Oh my, it was quite the afternoon.  And for the rest of the trip, all anyone had to say was "hey you want to toss a sandal?" and we all lost it!
Anyway we enjoyed a lovely dinner and settled in for an evening of games and conversation.
Like I mentioned before, one of the main goals of the men on the trip was to catch something in the ocean that we could eat - specifically lobster.  Well I guess lobsters are more active at night so a night snorkel hunting trip was organized.  I personally was very uncomfortable with my husband swimming off into the black water with sharks, waves, darkness and who knows what else awaiting him.  I could sense that even David was a little concerned about the idea.  But the guys were determined.  So they suited up.

It was all in good fun...
But they took this mission very seriously!
They did have diving lights and fortunately Matt's plan was to follow them in the kayak with a light.  But I was still really nervous.
But off they went!  All we could see were their glowing lights under the water and eventually the lights disappeared as they passed behind some distant rocks.
Patiently waiting wives.
After several tense minutes where we couldn't see their lights - all of a sudden they appeared again and slowly moved towards the boat.  They made it!

Sadly there were no lobsters to be found but that doesn't mean they came back empty handed!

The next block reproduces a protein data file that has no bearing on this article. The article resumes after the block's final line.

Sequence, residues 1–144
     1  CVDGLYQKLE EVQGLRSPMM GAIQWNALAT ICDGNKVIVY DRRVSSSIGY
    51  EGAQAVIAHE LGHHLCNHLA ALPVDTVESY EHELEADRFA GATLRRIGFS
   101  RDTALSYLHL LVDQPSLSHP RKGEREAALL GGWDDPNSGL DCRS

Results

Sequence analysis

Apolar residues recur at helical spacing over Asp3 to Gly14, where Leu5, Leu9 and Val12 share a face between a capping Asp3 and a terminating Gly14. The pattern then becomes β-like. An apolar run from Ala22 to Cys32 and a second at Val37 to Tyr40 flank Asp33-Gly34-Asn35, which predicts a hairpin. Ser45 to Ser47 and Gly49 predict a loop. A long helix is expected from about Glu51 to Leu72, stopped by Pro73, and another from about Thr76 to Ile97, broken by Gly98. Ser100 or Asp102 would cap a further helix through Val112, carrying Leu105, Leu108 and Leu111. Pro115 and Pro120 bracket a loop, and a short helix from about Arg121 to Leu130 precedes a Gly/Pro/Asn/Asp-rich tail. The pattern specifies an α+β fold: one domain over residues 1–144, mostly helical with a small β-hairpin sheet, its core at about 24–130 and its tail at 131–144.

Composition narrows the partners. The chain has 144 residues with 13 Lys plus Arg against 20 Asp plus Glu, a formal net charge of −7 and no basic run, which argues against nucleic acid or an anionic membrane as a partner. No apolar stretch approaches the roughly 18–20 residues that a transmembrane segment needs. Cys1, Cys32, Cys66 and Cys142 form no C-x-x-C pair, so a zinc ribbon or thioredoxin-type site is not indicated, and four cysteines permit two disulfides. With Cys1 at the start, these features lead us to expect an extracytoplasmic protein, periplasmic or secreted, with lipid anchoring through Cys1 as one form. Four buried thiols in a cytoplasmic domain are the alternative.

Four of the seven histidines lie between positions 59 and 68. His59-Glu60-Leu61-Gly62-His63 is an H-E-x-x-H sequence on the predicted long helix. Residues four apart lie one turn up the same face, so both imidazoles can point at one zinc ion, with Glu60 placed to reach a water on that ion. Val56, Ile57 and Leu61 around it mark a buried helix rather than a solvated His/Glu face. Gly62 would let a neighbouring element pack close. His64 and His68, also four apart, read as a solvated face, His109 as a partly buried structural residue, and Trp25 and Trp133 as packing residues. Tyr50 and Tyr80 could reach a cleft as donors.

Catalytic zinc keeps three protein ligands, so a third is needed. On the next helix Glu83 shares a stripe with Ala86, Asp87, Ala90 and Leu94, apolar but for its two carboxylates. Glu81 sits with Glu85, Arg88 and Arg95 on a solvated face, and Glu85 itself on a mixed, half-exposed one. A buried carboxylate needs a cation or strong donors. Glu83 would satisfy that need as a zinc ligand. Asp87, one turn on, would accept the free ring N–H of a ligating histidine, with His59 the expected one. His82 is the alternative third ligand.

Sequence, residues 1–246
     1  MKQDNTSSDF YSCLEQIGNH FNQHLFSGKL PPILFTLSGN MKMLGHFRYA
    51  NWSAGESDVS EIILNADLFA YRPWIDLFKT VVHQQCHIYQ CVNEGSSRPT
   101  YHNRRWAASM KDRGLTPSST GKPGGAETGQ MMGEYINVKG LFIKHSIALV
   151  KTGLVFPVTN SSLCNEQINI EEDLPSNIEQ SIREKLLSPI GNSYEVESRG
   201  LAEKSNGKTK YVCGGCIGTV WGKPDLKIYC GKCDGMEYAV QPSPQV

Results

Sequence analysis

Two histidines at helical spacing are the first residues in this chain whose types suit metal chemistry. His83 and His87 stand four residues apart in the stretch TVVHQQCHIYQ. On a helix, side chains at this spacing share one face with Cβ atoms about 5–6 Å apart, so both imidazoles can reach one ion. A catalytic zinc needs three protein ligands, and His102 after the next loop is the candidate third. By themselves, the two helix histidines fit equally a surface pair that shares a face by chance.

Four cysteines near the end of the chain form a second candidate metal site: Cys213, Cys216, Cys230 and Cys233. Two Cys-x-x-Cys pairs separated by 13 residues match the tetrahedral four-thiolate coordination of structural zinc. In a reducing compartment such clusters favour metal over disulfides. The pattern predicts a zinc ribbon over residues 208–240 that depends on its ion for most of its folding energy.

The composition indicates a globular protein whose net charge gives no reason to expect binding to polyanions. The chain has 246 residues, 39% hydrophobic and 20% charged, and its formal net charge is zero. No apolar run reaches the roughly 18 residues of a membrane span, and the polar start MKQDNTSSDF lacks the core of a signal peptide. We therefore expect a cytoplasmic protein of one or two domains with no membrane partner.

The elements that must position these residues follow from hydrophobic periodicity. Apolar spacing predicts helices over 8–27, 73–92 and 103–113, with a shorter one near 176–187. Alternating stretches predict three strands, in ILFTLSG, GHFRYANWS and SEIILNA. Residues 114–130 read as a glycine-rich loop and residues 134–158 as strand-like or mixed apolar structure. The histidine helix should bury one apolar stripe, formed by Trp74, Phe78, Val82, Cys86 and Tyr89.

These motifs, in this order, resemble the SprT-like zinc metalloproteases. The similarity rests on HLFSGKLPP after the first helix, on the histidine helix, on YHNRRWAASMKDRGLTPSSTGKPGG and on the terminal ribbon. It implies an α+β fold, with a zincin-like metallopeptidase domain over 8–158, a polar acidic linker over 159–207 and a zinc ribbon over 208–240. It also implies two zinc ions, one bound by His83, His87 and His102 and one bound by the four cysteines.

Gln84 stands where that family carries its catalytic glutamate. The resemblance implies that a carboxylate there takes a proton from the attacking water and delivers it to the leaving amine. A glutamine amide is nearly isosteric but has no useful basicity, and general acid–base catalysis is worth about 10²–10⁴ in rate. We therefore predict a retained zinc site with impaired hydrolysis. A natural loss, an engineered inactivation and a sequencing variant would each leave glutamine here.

They speared a lionfish! 
Lionfish are actually quite beautiful fish but are considered pests of the Caribbean.  They are native to the Pacific and Indian oceans but are reproducing uncontrollably in the oceans surrounding the Caribbean islands because they have no predators.  I actually read two different theories as to how they got there.  One theory - and this is the one that David told us - is that the fish were held captive in a marine center but escaped during one of the recent hurricanes.  The other theory is that fish hobbyists released them.
According to David - it is encouraged to kill lionfish if they are spotted.  To help try to control the population.  Of course the guys were thrilled to hear this news!  The fish has poisonous spines and cannot be eaten. 
Picture of a lionfish from google image search.
Here is a video that Wes took where he spotted the lionfish on the ocean floor - keep in mind they were snorkeling, not scuba diving.  So every time they went under, they had to hold their breath.

Here is a video right after Jason speared the lionfish.  Don't turn your volume down - the best part is listening to Weston's excited laugh!

 Random memories:  
- News that our furnace stopped working in the middle of the night!  We purchased a new one over the phone and it was replaced before we returned home.
-Both Wes and Reid got sea urchin spines stuck in their skin.  Wes still has three tiny spines stuck in his leg - he never could get them out!
-After a conversation with David about religion - he requested a Book of Mormon.  Reid and Elise had brought one to give to him.  It was very interesting talking to David - he is well-read and intelligent and definitely knows more about world religions than I do!  I was impressed with his insights and thoughts.